She won't talk about that now. Back then, Gillooly and one of his accomplices said Harding was in on the attack from the beginning. She steadfastly denied it. During the past 10 years, those shadowy former associates have tried to reach her, through those closest to her.
"Several have tried, but I ignored them," she said. "My brains have been scrambled a bit, but not that much. I've only talked with my father, plain and simple. And it's been a very smart choice. I'm not bitter at the figure skating people. Not at all. They made a choice. You have to live with it. You find something else."
She's lost the boyfriends, the husbands, settling for a kitten she calls Smalls. "I consider myself the Energizer bunny," Harding said. "I can pursue this career at least four years. I can make my bills right now. I'm making it, being selfish. It's about me. Just me and Smalls."
It's like a dream, that Olympic week in Lillehammer in late February 1994, about six weeks after the incident. After she threatened to sue, the U.S. Olympic Committee allowed Harding on the team, and she and Kerrigan were suddenly practicing on the same rink, at the same time.
Reporters and photographers jammed the little arena, arriving at 5 a.m. to reserve a spot. Kerrigan was still receiving therapy on her right knee, and nobody could promise a complete recovery.
"It was a very strange deal, a traumatic deal for all of us," remembered Kerrigan's coach, Evy Scotvold. "It was overwhelming."
By this time, Kerrigans' camp did not think much of Harding's chances. She was seen as a has-been, somebody who had frittered away her ample talents. She was a distraction of the worst sort. "We were beyond her," Scotvold said. "We knew she was an undisciplined athlete, that she had weight problems."
Scotvold said he feels sorry for Harding, to this day.
"She's embarrassed herself," he said. "She's a foolish person. There's a sadness of what she was and could have been. It speaks to the makeup of her family and background."
The media and fans picked sides back then, chose between the upright New Englander and the naughty Oregonian. The telecast of the short program drew the third-largest television audience in the country for any sports event, behind only two Super Bowls.
Beaten by Baiul
Harding melted down, with a heavy-footed, sloppy performance. She demanded and was granted a re-skate of her long program, because of a broken skate lace. It didn't help. Kerrigan skated like a professional during both routines, and was nosed out by Oksana Baiul, a ballerina from Ukraine who had suffered her own misfortunes.
"It was the most heroic thing I ever was part of as a coach," Scotvold said. "I will always respect Nancy so much for that. She was on a mission. She absolutely was going to fight back. She's always been my heroine."
While Harding, 33, reinvented herself, Kerrigan, 34, has followed a more conventional path for an ex-Olympian - with one or two twists. In 1995, she married her agent, Jerry Solomon, 14 years her elder. The couple has a 7-year-old son, Matthew, in Lynnfield, Mass. They hope to have more children, though People magazine reported last year that Kerrigan has suffered several miscarriages.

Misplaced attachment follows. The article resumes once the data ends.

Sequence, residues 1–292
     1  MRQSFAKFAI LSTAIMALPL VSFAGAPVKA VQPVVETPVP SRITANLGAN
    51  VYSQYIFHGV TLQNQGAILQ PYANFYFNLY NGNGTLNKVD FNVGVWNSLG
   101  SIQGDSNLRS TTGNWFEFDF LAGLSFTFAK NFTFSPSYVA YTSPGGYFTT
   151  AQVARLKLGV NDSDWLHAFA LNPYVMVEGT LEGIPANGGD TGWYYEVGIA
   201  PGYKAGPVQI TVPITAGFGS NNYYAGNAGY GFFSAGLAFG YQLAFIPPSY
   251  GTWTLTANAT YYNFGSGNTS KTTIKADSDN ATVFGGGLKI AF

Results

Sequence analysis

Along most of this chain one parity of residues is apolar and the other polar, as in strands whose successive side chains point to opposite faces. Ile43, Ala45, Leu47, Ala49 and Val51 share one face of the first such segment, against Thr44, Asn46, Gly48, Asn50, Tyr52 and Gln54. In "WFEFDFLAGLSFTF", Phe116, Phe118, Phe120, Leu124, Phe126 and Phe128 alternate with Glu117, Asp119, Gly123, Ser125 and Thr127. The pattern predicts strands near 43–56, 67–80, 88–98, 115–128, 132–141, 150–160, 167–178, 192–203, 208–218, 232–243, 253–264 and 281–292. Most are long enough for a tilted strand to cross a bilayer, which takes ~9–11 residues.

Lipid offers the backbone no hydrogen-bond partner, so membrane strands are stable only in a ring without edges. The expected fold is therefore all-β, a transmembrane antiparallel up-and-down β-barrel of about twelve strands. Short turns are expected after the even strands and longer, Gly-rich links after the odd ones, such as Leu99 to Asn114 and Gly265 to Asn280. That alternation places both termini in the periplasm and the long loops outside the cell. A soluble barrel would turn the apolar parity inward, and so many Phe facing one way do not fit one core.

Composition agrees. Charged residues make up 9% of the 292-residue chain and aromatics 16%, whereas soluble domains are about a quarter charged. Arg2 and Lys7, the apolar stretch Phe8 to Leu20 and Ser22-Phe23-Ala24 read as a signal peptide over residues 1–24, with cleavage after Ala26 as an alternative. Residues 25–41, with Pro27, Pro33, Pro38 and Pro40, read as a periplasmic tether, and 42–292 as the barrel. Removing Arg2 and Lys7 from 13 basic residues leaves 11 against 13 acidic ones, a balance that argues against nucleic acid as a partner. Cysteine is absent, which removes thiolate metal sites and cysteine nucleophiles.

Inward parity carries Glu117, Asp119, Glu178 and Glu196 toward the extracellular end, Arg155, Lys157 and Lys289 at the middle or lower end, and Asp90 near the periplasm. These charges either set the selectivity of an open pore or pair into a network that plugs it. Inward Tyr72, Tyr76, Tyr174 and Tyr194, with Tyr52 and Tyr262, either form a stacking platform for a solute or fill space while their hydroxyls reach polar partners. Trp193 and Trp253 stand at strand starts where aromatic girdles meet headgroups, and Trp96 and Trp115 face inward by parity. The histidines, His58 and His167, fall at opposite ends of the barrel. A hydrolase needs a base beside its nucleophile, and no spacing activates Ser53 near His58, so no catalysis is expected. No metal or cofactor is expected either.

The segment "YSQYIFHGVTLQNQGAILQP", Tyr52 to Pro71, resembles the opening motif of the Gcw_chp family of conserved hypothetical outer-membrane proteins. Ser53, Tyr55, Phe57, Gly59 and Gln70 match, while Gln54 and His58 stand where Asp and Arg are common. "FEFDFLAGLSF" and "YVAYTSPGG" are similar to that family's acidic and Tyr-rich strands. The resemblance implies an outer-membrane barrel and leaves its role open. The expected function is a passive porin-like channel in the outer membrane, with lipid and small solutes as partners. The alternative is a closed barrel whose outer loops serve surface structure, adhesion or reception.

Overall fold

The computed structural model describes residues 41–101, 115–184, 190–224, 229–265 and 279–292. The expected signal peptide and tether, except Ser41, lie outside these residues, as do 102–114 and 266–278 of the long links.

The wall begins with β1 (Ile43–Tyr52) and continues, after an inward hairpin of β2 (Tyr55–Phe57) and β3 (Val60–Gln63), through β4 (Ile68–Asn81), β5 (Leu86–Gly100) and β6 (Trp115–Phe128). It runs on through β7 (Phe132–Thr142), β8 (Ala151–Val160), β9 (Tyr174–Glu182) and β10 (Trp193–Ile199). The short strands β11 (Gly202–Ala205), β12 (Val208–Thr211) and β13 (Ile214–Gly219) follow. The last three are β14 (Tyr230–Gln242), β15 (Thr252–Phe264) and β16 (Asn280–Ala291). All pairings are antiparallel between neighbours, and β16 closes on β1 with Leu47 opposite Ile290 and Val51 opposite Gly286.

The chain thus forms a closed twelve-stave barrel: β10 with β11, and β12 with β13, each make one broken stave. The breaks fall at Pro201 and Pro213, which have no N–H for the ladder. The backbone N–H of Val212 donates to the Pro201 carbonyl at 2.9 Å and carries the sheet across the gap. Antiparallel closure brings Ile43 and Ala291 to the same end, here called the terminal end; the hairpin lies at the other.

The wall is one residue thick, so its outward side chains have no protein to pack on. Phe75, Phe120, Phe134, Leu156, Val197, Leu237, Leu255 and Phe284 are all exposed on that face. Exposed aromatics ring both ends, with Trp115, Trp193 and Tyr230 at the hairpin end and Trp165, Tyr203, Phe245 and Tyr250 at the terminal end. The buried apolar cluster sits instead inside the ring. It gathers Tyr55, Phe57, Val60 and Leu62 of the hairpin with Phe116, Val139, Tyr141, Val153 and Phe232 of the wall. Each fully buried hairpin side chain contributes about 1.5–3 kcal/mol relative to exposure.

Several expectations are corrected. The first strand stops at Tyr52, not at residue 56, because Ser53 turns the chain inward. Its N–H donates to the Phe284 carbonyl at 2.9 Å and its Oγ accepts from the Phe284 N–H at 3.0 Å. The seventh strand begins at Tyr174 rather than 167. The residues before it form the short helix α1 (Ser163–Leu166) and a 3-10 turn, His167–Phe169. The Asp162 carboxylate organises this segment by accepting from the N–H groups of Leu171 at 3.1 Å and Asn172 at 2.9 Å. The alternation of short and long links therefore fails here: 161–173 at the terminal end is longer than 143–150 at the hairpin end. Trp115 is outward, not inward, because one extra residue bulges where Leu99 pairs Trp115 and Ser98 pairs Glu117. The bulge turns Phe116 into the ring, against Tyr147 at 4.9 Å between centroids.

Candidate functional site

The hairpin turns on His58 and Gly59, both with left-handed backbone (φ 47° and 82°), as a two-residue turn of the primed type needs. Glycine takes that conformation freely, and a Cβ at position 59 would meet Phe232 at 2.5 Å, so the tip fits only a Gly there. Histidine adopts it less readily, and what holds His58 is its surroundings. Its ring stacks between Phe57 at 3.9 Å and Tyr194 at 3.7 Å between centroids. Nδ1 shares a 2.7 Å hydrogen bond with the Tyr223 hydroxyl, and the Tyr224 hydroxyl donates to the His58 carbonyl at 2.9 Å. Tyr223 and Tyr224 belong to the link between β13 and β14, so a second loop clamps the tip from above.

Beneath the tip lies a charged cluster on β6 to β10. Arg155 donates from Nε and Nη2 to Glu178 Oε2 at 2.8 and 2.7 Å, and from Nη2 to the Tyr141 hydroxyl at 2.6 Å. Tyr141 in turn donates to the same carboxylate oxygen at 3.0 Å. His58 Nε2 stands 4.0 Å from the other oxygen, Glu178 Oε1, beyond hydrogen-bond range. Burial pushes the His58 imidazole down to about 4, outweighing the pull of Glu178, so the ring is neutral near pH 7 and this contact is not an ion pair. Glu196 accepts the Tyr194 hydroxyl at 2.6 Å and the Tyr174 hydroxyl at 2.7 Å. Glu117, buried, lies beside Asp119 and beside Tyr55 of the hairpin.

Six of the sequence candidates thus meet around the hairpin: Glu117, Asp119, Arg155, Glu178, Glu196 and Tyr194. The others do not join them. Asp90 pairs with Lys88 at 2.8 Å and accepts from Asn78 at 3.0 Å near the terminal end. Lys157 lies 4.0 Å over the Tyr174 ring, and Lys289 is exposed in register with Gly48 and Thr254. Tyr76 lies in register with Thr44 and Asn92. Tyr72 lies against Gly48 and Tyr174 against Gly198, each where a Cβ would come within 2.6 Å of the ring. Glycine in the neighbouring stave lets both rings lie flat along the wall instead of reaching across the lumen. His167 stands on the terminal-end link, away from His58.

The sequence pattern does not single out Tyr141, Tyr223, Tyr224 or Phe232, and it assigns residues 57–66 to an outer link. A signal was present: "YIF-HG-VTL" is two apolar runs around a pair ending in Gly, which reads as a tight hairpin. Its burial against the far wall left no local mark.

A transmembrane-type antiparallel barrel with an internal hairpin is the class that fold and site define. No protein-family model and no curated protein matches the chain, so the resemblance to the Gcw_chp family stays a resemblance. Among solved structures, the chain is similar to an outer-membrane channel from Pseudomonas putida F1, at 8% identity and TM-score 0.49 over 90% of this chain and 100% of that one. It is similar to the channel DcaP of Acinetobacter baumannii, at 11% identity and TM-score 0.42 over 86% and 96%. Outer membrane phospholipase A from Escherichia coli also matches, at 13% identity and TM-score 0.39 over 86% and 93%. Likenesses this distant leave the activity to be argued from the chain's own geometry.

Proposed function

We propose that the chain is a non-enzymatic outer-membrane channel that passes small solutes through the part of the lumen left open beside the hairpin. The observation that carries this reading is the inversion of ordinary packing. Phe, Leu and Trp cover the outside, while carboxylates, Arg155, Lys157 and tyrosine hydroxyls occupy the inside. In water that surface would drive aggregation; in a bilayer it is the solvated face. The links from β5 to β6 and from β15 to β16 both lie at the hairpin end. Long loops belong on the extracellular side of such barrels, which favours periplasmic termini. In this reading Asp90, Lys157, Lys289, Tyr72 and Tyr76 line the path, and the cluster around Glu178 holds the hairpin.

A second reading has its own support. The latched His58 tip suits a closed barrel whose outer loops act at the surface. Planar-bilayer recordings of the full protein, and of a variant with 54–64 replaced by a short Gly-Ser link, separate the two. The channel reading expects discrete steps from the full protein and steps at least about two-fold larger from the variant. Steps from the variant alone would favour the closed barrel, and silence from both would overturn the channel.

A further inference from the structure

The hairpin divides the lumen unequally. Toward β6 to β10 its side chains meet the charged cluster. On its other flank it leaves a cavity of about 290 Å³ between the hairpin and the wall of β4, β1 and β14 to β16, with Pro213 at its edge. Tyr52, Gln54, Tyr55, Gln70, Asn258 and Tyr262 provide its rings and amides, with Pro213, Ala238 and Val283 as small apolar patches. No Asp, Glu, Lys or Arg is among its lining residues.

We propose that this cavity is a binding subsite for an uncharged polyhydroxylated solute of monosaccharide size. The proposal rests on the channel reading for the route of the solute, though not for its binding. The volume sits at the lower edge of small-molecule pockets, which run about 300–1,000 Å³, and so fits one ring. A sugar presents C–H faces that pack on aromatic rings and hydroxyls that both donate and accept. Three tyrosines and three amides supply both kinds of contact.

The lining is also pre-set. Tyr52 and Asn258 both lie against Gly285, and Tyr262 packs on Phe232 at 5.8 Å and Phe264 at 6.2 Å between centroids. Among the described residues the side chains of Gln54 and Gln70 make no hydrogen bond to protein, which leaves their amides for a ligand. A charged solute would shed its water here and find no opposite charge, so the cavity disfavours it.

She is busy with pottery, with singing lessons, with charity work. She has skated in ice shows, has written an instructional book. She does voice-overs and commentary for several skating competitions. She rarely skates anymore, except to take her son out for a spin.
"There's not much time to practice," she said. "It's quite fun to be back on the ice, but the next day I'm sore. I'm a different person, and this is a different life now."
She hasn't spoken to Harding since the two met during a photo shoot in Lillehammer. At the time, Harding said to Kerrigan, "Can you believe all this fuss?"
Kerrigan answered, "No."
She was taught to restrain herself, because there was so much at stake. She harbors no ill feelings toward Harding. If anything, Kerrigan sounds angrier at the judges who voted, 5-4, to award the gold medal to Baiul.
"I was happy then for the silver," Kerrigan said. "But I look now at what we did, and technically I did so much more. It would have helped to get rid of all the crooked people in the sport."
Baiul was a sprite, an improviser. Kerrigan was a mature skater who sometimes appeared too practiced and mechanical. That perception cost her the gold and possibly millions of dollars.
Kerrigan remembers some chilling moments from that time, 10 years ago. She and Solomon were given copies of the FBI transcripts, including the interrogation of Stant. It included the bumbling strategies of Gillooly and his friends. One of the thugs, Shawn Eckardt, casually suggested killing Kerrigan.
"In the transcripts, it was almost comical the way they went about things," Kerrigan said. "Except it wasn't comical when they talked about wanting to kill me." After the assault in Detroit, Kerrigan screamed, "Why me?" on the floor of Cobo Hall. She said later she should have yelled, "Why anybody?"
That image of a sobbing, egocentric skater never entirely disappeared, especially after she was caught on camera complaining about Baiul and later at a Disney World parade.
In the end, though, she is both a victim and a heroine. Kerrigan performed at her best, at the most difficult moment of her life. Ten years later, she remains a picture of elegance. She has appointments to make, charities to support, a child to raise.
On this brisk day in New York, Kerrigan is still somebody very different from Harding, who has a bout coming up in Boise.